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Author Topic: Upgrading and the acoustics/equipment ratio  (Read 2809 times)

neil.steiner

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Upgrading and the acoustics/equipment ratio
« on: June 12, 2004, 04:20:49 pm »

[Yeah, I'm new to the forum.  And this is a little long winded, but it's essentially about room acoustics.]

My church is doing some work on our warehouse-style building, and after a lot of on-again/off-again, they told me that they were budgeting $20K for the "sanctuary".  (I had been talking to a really busy out-of-state consultant, but after the most recent "off-again", I had compassion on him and cut him loose from our bouts of really bad phone tag.)

Now the "sanctuary" budget includes finishing the walls and building their idea of what we need for a stage and a sound booth (which I'd happily trade for a good mixing position), so I figure that I may possibly have $10K left to spend on all the stuff that doesn't show up on their radar screens.  (I may end up with less than $10K, but it's a nice round number for the purposes of this discussion.)

We're in a 68' x 68' room, in a steel frame building, with the roof starting at 18' (if I remember correctly), and going up to 21' in the center.  The stage is in one of the corners.  (No drums yet; they know I don't think the room can handle it, and I'm a drummer, so it hurts to say that.  Yeah, I know there's the electronic option, but we haven't gotten around to that yet.)  Actually, our sound is fine in pretty much everyone's opinion, although it's still a world away from what I'd like to provide for them.

There are a few ways I can think of to burn through $10K.  One of the things I'd like to do is trade our pole-mounted speakers for a hanging cluster, and I have a ballpark quote of $3.5K installed, or $5K if I include subs.  I think our coverage would be better, and we'd free up more physical and acoustic space on the stage.  On the other hand, I feel like the best possible place I could spend the money is on anything that would help acoustically stabilize the room.  (Again, our sound is fine, but it'd be nice to buy ourselves some headroom, and to increase the good-spot/bad-spot ratio.  It'd be nice to ensure that when someone in the congregation picks up a tambourine, it doesn't cut through everything else.)  I figure that we can always add equipment later, but treating the walls or whatever else is best done up front.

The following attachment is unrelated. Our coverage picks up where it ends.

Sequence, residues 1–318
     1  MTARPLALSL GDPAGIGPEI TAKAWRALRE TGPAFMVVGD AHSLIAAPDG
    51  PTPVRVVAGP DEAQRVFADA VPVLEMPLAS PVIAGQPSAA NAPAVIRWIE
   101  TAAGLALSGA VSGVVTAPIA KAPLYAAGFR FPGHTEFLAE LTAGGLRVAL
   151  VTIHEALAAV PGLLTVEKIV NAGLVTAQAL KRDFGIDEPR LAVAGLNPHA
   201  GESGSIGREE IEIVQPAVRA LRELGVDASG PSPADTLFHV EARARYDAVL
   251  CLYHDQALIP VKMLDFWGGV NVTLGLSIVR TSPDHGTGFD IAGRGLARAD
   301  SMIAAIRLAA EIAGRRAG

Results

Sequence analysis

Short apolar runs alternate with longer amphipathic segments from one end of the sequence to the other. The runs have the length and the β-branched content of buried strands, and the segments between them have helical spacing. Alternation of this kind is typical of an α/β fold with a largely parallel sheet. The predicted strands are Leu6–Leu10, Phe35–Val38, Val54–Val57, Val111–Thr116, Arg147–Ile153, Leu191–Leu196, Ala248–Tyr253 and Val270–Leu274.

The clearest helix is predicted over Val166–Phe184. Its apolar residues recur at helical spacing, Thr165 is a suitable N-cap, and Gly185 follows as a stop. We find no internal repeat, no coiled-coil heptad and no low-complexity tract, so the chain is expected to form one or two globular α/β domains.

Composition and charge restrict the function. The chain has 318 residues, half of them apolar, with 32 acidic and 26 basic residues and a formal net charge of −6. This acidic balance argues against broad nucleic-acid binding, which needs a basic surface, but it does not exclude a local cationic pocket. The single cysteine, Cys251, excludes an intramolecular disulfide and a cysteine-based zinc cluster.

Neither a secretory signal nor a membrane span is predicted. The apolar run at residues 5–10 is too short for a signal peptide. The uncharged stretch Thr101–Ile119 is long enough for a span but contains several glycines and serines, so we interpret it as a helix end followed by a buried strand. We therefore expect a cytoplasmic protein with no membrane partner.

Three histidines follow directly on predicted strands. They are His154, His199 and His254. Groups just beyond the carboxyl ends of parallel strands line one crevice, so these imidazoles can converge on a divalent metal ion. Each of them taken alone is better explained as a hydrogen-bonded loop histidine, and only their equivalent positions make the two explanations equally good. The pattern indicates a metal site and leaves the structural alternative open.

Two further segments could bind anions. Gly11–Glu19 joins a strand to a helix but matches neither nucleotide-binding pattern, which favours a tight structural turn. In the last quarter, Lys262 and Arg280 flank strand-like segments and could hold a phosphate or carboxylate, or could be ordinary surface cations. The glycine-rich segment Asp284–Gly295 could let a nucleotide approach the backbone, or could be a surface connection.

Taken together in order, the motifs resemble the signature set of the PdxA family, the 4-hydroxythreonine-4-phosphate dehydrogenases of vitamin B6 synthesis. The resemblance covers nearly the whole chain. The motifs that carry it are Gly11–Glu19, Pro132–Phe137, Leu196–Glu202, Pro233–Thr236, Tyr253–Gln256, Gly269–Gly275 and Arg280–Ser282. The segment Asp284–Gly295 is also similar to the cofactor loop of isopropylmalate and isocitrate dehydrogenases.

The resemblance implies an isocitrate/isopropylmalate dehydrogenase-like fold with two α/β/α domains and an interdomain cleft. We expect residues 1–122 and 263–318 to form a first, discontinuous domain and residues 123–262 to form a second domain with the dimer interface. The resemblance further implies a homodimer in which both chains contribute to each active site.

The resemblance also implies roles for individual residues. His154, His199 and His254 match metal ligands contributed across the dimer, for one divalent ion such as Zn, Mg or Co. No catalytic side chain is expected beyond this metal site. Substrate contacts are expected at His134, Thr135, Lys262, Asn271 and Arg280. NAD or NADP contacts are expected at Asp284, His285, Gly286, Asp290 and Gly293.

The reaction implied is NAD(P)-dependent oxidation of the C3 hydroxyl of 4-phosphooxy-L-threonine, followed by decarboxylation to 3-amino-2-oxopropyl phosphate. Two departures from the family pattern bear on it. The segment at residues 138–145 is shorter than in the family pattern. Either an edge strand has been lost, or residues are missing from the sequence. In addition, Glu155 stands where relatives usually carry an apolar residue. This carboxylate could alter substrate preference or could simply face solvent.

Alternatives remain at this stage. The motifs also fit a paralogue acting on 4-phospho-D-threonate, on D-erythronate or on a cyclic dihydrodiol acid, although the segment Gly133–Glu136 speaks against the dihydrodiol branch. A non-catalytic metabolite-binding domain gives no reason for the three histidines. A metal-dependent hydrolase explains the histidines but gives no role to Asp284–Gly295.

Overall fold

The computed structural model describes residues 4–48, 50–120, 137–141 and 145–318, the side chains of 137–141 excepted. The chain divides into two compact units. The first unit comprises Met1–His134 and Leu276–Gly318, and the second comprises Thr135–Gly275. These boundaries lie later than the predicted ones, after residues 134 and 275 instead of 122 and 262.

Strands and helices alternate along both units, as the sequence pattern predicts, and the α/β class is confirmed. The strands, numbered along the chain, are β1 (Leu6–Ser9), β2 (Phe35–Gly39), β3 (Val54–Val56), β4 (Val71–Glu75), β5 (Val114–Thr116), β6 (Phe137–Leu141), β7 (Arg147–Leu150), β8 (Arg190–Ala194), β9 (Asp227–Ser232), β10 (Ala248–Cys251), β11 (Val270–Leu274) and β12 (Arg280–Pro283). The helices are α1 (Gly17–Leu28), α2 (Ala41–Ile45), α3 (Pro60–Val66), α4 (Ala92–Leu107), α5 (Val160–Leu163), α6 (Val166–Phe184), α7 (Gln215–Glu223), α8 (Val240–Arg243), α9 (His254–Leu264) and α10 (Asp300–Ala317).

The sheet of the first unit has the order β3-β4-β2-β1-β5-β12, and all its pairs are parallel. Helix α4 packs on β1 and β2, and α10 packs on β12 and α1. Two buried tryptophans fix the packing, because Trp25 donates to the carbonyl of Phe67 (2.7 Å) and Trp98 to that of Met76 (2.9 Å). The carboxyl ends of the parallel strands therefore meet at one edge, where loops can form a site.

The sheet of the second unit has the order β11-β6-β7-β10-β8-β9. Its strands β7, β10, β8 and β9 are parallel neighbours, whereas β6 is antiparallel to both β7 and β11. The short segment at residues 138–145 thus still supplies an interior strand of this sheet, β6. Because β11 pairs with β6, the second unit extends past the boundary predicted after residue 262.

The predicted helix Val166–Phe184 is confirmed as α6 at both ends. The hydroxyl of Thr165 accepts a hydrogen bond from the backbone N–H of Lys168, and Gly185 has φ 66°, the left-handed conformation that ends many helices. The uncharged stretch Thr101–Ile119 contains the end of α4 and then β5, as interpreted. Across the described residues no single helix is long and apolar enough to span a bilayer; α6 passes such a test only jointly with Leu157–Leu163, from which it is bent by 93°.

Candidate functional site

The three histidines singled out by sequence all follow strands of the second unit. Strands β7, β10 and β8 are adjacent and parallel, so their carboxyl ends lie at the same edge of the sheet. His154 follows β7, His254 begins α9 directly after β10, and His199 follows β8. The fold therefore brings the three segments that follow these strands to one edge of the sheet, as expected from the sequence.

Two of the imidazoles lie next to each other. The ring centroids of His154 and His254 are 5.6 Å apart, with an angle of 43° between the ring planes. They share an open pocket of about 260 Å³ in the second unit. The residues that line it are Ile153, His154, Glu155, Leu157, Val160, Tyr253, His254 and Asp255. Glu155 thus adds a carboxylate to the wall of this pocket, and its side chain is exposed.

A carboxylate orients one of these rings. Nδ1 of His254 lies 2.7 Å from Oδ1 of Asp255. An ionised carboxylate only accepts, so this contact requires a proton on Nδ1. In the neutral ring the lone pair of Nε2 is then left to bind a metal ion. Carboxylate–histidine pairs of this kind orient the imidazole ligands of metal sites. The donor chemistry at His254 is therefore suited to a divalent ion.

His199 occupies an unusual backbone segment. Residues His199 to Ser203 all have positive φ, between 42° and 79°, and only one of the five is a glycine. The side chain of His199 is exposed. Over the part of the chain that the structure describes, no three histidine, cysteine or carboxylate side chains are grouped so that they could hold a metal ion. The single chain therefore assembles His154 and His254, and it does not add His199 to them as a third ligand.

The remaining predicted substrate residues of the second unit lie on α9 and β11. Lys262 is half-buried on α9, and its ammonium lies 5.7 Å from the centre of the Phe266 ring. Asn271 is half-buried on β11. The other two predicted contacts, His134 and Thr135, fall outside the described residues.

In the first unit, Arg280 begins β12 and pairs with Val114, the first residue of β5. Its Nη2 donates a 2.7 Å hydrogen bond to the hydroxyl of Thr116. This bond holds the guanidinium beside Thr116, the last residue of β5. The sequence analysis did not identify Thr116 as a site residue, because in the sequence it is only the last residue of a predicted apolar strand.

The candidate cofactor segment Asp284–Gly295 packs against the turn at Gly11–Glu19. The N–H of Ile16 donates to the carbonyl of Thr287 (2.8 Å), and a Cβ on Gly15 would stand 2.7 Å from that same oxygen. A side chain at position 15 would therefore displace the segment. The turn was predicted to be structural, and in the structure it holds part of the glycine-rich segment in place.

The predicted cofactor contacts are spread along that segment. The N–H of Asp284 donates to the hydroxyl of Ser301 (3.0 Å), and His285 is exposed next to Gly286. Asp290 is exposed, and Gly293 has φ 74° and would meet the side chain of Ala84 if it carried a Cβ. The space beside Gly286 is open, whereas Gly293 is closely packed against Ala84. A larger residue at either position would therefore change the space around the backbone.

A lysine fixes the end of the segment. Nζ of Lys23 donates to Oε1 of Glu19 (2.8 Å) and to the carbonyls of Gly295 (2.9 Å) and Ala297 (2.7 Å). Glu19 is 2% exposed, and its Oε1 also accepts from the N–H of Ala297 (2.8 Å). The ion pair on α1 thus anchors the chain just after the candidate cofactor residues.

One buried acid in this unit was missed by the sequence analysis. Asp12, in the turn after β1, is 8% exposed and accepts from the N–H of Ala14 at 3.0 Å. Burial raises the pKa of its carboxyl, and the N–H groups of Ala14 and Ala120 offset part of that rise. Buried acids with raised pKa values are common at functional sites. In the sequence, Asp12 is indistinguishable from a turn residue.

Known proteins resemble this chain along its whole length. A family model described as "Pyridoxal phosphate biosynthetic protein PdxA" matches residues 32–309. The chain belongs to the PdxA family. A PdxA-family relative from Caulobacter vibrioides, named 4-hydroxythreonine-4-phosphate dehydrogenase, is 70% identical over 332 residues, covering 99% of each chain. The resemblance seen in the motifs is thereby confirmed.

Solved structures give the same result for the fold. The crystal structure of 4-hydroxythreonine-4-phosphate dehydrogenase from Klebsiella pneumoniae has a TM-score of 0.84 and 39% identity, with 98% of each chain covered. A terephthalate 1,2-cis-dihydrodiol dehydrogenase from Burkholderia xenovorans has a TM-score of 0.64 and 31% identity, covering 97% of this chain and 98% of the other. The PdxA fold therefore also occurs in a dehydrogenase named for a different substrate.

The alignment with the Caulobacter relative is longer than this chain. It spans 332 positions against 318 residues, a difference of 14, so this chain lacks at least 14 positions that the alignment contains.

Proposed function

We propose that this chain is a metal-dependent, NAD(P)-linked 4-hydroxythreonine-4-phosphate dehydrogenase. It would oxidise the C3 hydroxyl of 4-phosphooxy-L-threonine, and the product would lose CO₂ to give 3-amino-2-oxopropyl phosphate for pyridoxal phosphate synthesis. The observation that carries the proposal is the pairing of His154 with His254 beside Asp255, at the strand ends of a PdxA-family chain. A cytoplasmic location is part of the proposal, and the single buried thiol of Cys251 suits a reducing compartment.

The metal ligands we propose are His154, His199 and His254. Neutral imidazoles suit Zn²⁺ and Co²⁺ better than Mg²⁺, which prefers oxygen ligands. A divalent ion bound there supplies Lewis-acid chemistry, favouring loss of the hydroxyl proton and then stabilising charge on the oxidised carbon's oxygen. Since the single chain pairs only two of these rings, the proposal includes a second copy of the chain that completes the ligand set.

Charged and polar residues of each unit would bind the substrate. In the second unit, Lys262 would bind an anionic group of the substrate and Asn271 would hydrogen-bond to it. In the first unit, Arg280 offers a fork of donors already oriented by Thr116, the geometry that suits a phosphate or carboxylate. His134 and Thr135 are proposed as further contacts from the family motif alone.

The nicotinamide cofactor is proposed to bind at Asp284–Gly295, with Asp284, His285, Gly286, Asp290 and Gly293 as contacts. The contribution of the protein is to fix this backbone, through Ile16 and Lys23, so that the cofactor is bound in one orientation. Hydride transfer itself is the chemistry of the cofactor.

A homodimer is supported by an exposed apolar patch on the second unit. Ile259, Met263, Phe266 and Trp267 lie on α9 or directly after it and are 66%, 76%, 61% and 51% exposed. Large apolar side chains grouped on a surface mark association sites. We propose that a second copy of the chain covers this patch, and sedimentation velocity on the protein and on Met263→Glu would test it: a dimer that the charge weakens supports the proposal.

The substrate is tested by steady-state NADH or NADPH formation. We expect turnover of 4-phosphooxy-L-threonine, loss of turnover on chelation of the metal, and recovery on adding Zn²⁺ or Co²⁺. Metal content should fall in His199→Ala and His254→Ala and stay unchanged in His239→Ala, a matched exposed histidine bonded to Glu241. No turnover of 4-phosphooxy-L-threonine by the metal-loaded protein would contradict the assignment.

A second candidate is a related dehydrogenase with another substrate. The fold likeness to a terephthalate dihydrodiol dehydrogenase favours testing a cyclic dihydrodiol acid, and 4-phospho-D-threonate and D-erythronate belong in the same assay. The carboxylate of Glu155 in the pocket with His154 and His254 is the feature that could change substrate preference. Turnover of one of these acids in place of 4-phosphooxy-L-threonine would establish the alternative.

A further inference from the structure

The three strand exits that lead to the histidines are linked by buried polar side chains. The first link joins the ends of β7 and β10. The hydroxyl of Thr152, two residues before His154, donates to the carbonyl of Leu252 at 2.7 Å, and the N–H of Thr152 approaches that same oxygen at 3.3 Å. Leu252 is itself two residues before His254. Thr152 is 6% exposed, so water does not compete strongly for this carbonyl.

The conventional wisdom is that we'd like to cut costs where possible, but perhaps I'd get more bang for the buck by plopping down $2K-$5K on an EASE analysis.  I can try to do everything myself even though I don't have the background for it, and frankly it has already been a wonderful (and exhausting) learning experience, but I'd rather spend the money wisely ("... as someone who must give account"), even though my recommendations may not appear wise to the untrained eye.  The two things that I want to avoid doing are 1) spending money on stuff that won't do us any good, and 2) spending money on great 2nd base stuff that we can't use until we're safely at 1st base.

I was recently in a sister church's brand new, almost finished building, and although their room was larger than ours (with no evidence of any acoustic planning), it was also surprisingly quieter than ours, even before they laid any carpet over the bare concrete.  I found out that their inside walls were covered with 3/4" masonite instead of drywall, and I wondered whether the masonite might be absorbing some of the sound.  I bring that up because it might be cheaper for us to do all of walls with masonite than to finish dry-walling what we didn't finish the last time.

Anyhow, if anybody has good advice or opinions, I'd love to hear them.  For better or worse, my church will trust my recommendations, but I realize how much I don't know, and I'd like to see God's house and people well cared for.

Neil
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Tom Young

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Re: Upgrading and the acoustics/equipment ratio
« Reply #1 on: June 16, 2004, 07:39:39 am »